Eulogy for my Uncle George

I grew up in the Northern Manhattan neighborhood of Inwood. It was a great place to grow up because it had architecture, interesting topography and a lot of character. What made it even better was that I had two uncles, both colorful characters, living within walking distance. My uncle Roberto lived two and half blocks away, and passed away in 2002, shortly after retiring; and my uncle George, who once lived in Marble Hill and passed away yesterday, one day before tRump — whom he loathed — took office. I learned of his passing while I was at an anti-tRump rally. Of everyone on my Mother’s side of the family, my uncle George was the one I felt most connected with.

My uncle George was a mixed bag of contradictions that somehow existed harmoniously. He was a dreamer and a pragmatist. He detested inanity and had no qualms conveying that, but was still tactful, patient and a first-rate communicator. He was once a driving instructor who taught me, but what I learned from him went beyond operating and navigating an automobile. From him I learned to explain the way things work. And even though he was not college educated, he was still well informed and exceptionally insightful. Most memorable was his amazing wit. I remember once driving him to JFK Airport and sitting in traffic for what seemed like an eternity and he looked at me and said, “They should blow up the whole airport and start over.” It was the way he said it that made it funny — not unlike Bea Arthur as the sarcastic Dorothy in The Golden Girls.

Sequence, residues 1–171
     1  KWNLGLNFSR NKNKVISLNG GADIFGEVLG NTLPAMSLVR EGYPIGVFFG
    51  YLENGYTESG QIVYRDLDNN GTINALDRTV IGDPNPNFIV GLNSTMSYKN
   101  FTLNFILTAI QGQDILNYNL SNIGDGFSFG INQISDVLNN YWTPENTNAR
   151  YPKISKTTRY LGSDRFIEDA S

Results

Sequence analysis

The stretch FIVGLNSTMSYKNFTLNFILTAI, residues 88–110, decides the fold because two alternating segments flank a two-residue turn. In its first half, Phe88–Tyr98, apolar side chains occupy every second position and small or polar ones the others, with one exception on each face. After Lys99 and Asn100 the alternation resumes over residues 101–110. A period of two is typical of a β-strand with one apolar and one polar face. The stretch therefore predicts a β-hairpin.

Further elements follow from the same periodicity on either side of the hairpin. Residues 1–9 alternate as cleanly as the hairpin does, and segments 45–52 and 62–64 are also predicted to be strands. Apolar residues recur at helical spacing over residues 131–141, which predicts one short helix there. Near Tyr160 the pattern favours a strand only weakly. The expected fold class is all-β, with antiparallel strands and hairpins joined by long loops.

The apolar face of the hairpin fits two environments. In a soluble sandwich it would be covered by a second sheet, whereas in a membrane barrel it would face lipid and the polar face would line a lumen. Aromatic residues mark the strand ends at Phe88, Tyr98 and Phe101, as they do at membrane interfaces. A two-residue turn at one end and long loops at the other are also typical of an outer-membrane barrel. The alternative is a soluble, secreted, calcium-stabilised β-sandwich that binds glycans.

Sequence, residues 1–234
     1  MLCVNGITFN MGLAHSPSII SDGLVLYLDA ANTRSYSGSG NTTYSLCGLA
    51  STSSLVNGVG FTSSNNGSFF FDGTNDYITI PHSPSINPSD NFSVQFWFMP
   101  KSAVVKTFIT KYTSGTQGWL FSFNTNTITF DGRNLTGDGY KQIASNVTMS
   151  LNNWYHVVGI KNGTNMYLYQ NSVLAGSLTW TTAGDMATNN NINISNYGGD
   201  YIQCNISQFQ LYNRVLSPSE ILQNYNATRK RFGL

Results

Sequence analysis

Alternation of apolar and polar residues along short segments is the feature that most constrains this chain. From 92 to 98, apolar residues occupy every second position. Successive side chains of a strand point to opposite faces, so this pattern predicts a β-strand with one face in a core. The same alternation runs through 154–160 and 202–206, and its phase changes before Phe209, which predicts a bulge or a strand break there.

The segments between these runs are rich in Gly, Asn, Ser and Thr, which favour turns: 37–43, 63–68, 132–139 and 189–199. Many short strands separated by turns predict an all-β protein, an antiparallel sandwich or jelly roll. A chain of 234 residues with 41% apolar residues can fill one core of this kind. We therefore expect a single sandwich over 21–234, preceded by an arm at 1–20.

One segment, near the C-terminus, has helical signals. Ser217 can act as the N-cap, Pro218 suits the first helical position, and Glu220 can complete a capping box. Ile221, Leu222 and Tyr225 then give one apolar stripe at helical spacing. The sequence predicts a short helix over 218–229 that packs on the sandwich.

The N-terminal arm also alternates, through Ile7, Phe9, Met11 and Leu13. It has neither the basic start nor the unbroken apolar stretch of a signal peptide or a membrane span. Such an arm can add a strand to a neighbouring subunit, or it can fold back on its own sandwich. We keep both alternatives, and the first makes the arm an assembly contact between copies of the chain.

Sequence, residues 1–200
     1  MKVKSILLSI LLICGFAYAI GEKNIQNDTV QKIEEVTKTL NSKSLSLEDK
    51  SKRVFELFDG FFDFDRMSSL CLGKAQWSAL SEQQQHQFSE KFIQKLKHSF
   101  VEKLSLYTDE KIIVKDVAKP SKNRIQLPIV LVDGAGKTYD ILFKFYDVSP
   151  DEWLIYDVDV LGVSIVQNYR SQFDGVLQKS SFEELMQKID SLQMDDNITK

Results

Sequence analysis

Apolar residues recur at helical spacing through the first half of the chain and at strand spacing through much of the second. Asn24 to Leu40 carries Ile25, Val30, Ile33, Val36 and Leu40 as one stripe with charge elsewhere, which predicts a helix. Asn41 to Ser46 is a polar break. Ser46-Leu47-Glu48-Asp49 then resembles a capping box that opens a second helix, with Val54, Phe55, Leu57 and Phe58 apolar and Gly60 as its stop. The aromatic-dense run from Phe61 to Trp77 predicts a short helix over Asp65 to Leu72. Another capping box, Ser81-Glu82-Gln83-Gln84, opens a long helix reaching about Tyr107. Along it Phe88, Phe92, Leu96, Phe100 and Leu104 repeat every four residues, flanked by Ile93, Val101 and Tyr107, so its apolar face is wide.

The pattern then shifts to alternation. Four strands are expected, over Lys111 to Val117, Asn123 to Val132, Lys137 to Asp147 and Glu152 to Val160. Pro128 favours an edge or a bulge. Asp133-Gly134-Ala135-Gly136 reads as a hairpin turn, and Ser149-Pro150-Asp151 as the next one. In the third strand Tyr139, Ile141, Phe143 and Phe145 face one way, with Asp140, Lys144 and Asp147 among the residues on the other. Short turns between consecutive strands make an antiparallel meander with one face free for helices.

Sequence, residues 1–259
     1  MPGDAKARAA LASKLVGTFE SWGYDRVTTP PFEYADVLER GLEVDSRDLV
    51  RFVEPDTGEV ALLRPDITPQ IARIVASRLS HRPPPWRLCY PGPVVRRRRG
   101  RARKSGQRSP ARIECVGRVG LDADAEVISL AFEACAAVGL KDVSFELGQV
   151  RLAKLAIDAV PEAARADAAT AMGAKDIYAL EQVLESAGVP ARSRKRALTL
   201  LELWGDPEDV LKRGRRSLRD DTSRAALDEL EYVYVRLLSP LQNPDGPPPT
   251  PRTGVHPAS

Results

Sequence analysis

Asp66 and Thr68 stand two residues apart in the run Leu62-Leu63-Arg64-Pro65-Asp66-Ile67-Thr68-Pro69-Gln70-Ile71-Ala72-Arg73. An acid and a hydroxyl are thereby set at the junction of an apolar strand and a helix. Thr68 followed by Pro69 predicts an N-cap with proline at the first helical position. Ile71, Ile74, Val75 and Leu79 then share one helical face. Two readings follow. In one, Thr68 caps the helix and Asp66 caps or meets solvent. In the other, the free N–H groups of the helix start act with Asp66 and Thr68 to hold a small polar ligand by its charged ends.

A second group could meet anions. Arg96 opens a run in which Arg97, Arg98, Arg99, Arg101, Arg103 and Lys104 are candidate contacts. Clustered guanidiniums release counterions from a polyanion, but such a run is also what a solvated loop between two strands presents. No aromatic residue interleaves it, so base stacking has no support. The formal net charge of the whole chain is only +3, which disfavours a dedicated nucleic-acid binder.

Like me, he loved comic books, fantasy novels, music and film. I remember many conversations with him revolving around these topics. I remember his remarkable record collection from the 1970s, which featured all the great musicians of the time. He once gave my mother the soundtrack to The Way We Were, which she played that year while we decorated our Christmas tree, a favorite childhood memory of mine.

Above all, my uncle George understood me. When my father died in 1994, he stood with me in the back of the funeral parlor and told me a funny story about the time they smoked pot together. He knew I wasn’t about the gloom and doom of death, but the celebration and humor of life. He knew that I needed to laugh at that moment. This is how I will always remember him: as someone who always got it and made the most of it.

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